Introducing: A Guide to Grilling Vegetables

I imagine that most people, both vegetarian and the rest of the world, think BBQing is really only good for meat. And six years ago, I would have believed the same thing. But my wife and I since we have known each other have collaborated on some of the best vegetarian BBQs - no, I dare say the best BBQs I have ever had. Last night's BBQ was so good that I was inspired to start a column about vegetarian BBQs so that others might be able to broaden their grill experience.

It just so happens that I am a Texan - and it is my belief that to a certain extent, BBQing is in my blood. I certainly learned a lot from my father who has taken to grilling almost every night (weather permitting). He taught me the virtues of making sure to turn your chicken constantly to keep it from charring, and he taught me the basics of creating a good BBQ sauce.

When I became a vegetarian, I must admit that I was a little saddened by the fact that I thought my BBQing days were over. I mean, you can grill vegetables, by why would you want to? How naive.

Bottom line, I couldn't let go. The inner-Texan in me refused not to BBQ. The first break-through was when I discovered a product called Veat. Veat was the first meat substitute I have found that holds up on a grill. It also has a very similar texture to chicken which makes it very suitable for a BBQ sauce. My meat-eating friends insist that it is nothing like chicken (no-duh), but to my vegetarian friends, they are always amazed.

Over the years, I have become more adventurous with my grilling - due largely in part to my wife, who is one of the most creative cooks I know. She got me onto the idea of BBQing pizza - which is easier than you might expect, and last night she stumbled upn the idea to make a form of BBQ potatoe chips.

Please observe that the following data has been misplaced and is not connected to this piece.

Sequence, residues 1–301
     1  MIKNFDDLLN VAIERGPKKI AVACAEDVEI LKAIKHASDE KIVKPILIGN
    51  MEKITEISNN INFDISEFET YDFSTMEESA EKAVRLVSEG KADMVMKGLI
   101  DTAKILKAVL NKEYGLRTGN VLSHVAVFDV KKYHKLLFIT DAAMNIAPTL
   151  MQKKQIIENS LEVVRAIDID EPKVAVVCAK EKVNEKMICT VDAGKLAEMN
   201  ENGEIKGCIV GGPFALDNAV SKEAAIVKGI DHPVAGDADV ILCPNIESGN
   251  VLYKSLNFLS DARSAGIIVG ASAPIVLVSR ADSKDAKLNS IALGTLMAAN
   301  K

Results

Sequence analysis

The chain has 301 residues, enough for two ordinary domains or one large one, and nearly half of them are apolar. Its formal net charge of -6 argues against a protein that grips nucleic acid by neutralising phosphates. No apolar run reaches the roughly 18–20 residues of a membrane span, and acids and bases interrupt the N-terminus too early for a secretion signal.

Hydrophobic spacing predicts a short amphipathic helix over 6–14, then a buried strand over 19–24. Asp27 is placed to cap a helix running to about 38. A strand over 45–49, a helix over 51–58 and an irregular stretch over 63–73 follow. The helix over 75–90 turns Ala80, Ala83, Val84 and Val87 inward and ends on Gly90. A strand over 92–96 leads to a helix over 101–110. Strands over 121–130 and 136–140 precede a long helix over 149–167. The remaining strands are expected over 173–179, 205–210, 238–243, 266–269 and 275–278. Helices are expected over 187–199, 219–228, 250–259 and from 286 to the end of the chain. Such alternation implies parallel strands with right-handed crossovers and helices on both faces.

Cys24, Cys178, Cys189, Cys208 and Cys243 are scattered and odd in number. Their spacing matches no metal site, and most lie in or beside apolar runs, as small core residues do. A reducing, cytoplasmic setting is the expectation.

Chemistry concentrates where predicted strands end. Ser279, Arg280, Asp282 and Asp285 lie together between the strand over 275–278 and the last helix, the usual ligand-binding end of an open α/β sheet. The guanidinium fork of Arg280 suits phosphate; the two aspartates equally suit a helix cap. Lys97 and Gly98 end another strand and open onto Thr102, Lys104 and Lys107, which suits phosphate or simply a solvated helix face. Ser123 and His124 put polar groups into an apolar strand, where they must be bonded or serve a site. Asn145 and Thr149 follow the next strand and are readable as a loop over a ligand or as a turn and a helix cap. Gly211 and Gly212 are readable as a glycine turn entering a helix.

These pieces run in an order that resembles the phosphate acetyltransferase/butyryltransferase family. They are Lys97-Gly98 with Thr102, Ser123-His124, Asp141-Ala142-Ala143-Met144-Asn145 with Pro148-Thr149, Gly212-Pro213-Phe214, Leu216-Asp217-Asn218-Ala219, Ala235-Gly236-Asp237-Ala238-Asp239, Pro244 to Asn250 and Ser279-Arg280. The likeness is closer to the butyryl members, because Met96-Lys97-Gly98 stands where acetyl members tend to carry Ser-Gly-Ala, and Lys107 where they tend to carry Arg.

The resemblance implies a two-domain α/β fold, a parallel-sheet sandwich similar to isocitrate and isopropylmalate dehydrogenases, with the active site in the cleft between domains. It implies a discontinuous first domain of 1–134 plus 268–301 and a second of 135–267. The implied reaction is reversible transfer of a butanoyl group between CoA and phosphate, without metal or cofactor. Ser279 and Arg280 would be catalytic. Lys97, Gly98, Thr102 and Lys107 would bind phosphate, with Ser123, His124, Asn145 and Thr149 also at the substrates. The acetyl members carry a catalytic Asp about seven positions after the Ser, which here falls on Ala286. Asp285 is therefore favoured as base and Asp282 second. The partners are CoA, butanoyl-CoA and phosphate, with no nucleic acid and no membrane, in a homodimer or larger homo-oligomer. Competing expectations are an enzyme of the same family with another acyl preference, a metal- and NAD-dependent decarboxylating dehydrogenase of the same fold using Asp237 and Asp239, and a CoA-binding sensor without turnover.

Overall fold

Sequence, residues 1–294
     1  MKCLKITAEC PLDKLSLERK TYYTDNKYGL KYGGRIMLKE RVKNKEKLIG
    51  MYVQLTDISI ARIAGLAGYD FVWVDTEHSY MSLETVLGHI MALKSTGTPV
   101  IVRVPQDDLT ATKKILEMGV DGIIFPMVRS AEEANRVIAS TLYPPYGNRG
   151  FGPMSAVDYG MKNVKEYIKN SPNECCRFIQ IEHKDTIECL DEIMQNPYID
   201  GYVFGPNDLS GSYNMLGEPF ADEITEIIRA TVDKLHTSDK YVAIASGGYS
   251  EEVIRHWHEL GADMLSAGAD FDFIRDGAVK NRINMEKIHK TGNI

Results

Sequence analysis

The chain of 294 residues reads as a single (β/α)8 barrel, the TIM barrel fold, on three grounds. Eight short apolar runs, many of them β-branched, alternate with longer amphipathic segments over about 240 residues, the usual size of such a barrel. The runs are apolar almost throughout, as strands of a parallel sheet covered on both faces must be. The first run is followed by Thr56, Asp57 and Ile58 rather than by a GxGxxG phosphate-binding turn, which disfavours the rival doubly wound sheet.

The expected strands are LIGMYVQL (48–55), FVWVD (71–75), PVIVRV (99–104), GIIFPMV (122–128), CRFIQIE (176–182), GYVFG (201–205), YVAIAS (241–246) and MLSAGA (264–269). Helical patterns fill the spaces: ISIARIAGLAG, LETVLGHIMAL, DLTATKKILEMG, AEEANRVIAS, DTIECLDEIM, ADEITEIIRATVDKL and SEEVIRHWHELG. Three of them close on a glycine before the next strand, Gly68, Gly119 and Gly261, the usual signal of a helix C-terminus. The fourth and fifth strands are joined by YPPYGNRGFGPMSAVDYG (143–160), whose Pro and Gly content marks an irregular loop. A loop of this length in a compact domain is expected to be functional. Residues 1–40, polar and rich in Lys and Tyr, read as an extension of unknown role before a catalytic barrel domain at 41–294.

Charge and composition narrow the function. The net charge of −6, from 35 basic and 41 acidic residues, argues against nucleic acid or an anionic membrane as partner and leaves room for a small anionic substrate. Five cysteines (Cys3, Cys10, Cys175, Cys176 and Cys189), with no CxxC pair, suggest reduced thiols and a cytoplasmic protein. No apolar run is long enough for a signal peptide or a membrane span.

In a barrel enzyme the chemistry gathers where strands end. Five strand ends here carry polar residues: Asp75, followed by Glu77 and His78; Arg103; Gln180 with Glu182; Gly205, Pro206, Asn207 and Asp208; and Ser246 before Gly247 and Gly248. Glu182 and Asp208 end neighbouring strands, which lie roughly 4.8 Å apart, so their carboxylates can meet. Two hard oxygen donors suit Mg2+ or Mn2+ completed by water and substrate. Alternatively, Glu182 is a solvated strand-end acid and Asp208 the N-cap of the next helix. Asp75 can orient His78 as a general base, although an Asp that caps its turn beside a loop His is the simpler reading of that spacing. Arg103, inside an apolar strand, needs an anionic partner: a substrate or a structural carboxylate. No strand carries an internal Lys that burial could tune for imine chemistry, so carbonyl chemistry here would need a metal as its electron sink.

So good was last night's BBQ, that I was inspired to start writing some tips on vegetarian BBQ. My first entry is of course this lengthy, run-at-the-mouth diatribe about essentially nothing so far. But I will conclude with my first recipe: grilled potato chips.

Grilled Potato Chips
To start, boil (or microwave) a batch of potatoes for about 6 minutes - the idea is to precook them a bit - you don't want to cook them completely, you just want to give them a head start. Then simply slice the potatoes into "chips." I like to use various thicknesses for the chips ranging from 1/4 inch, to 1 inch - it really all depends upon your taste, and that of your guests. To cook, simply brush them with olive oil, and put them directly over a medium heat. Cook them so that they turn a light to medium brown on both sides. Feel free to turn often and brush them lightly with additional olive oil. The oil is more fattening, but it helps to make the potatos crispier. I personally don't see the need to brush too much oil. Just a couple of times per side. When you are done, you can move them to the coolest part of the grill until you are ready to serve. This helps to keep them warm while the rest of the dinner is sizzle'n away.

Stay tuned for more vegetarian BBQ secrets. Including my BBQ sauce recipe, tips on grilling corn, and information on tools of the trade.

1 Comment

More detail on the "chips": I used a smallish light-skinned potato (about 3 inches long or so). I cut the ends off each potato and cut each potato in half crosswise. I boiled them in salted water for about 10 minutes, drained, and cooled them. When they were cool enough to handle, I cut each chunk into halves or thirds (I think the chips ended up being just shy of 1/2-inch thick). Then proceed to brush and season as Byrne describes. Bon apetit!



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  • More detail on the "chips": I used a smallish light-skinned potato (about 3 inches long or so). I cut the ends off each potato and cut each potato in half crosswise. I boiled them in salted water for about 10 minutes, dr...

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